Unemployment – NZ v Greece

While the left moans about a situation where around 93% of the population are gainfully employed and speak like it is the end of the world have a thought about what their plans for the economy, printing money and more debt, would do to the economy.

Fortunately we do not have to look that far to see what happens when a country becomes addicted to debt and does not face up to reality:

Greek unemployment rose to 25.4pc in August. Youth unemployment rose to 58pc.

Under the official forecast, the economy will contract by a further 4.5pc next year, so it fair to assume that lots more people are going to lose their jobs. It is certainly not going to improve in any meaningful way for years to come.

This is what happens when you lock into the wrong currency and block the escape routes – or join a “burning building with no exits” in the words of William Hague.

Even if Greeks comply with all demands, public debt will reach 179pc of GDP next year. Perhaps there will be some sort of formula to cut debt service costs by shaving 50 basis points off interest on rescue loans, and persuading the ECB to forgo “profits” on its estimated €40 billion holdings of Greek bonds (though unrealised profits would seem be courting fate).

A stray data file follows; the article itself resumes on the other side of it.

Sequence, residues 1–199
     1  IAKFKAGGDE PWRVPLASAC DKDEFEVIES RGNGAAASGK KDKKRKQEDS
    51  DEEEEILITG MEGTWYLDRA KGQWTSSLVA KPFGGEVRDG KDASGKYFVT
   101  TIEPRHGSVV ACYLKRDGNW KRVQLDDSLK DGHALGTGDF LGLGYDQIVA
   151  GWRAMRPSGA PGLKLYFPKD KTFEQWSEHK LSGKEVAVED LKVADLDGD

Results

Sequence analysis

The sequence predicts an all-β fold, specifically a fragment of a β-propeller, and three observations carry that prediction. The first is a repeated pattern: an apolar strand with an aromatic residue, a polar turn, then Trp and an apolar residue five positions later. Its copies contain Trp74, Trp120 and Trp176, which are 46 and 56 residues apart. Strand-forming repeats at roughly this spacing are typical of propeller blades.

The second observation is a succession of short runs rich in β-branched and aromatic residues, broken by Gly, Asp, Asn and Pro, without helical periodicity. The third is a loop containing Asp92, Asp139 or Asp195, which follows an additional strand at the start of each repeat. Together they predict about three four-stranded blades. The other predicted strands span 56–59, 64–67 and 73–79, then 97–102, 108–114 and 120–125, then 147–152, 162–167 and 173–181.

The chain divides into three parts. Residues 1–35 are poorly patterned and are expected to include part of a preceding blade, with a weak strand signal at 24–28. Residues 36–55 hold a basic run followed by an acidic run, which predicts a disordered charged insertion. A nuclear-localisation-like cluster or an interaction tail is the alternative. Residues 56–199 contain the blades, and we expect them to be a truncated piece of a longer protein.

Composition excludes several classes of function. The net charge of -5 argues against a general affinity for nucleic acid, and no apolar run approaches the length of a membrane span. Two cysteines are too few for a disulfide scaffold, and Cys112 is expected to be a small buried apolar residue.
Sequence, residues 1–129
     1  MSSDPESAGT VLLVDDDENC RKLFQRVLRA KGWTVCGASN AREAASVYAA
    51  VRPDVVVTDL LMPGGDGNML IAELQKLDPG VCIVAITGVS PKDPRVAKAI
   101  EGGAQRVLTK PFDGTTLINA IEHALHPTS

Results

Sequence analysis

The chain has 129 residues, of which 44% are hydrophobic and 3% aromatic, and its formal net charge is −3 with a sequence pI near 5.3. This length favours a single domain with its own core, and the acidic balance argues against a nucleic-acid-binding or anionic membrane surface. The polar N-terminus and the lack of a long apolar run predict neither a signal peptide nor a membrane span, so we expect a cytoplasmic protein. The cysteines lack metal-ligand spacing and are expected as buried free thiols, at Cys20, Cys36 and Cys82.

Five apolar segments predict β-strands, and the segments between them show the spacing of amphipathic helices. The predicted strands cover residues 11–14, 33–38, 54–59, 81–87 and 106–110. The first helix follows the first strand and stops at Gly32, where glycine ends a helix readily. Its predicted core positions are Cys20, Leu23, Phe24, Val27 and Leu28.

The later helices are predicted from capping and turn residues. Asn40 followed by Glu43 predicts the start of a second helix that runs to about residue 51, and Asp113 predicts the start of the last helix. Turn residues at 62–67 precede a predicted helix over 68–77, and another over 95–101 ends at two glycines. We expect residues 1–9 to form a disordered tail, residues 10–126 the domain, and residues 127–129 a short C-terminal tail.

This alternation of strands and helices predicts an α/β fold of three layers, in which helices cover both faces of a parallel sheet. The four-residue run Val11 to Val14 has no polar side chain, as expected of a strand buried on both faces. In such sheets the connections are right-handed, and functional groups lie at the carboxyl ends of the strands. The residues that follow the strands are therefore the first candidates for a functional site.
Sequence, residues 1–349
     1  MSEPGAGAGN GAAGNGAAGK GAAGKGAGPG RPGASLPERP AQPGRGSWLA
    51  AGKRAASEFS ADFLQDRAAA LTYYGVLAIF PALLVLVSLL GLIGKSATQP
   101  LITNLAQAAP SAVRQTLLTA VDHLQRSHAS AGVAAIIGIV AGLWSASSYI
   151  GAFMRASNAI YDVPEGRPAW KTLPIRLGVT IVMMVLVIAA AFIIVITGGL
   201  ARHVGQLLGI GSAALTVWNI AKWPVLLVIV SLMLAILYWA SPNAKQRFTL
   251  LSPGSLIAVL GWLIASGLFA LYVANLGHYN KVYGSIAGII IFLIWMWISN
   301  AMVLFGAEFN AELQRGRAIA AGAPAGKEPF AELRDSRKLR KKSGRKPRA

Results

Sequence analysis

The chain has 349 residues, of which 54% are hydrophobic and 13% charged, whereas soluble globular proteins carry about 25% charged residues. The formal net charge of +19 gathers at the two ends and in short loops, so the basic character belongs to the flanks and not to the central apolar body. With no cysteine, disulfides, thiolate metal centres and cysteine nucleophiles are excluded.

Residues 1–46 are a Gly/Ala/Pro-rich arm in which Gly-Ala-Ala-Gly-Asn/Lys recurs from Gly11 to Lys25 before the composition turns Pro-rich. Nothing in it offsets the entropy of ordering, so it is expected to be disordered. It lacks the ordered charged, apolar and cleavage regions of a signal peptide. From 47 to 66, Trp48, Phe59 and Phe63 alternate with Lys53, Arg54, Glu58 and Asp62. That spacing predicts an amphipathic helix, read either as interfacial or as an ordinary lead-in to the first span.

Yet it is hard to see how the salary and pension cuts, etc, pushed through the Greek parliament last night with enormous difficulty can do any more than buy a few months’ delay. The protests on Wednesday bordered on urban guerrilla warfare. It will not take much to cross that line.

Even if the EMU machine succeeds in keeping Greece in the system, is this any longer a remotely desirable goal? Has it not become a vicious and immoral policy in itself?


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As much at home writing editorials as being the subject of them, Cam has won awards, including the Canon Media Award for his work on the Len Brown/Bevan Chuang story. When he’s not creating the news, he tends to be in it, with protagonists using the courts, media and social media to deliver financial as well as death threats.

They say that news is something that someone, somewhere, wants kept quiet. Cam Slater doesn’t do quiet and, as a result, he is a polarising, controversial but highly effective journalist who takes no prisoners.

He is fearless in his pursuit of a story.

Love him or loathe him, you can’t ignore him.

To read Cam’s previous articles click on his name in blue.

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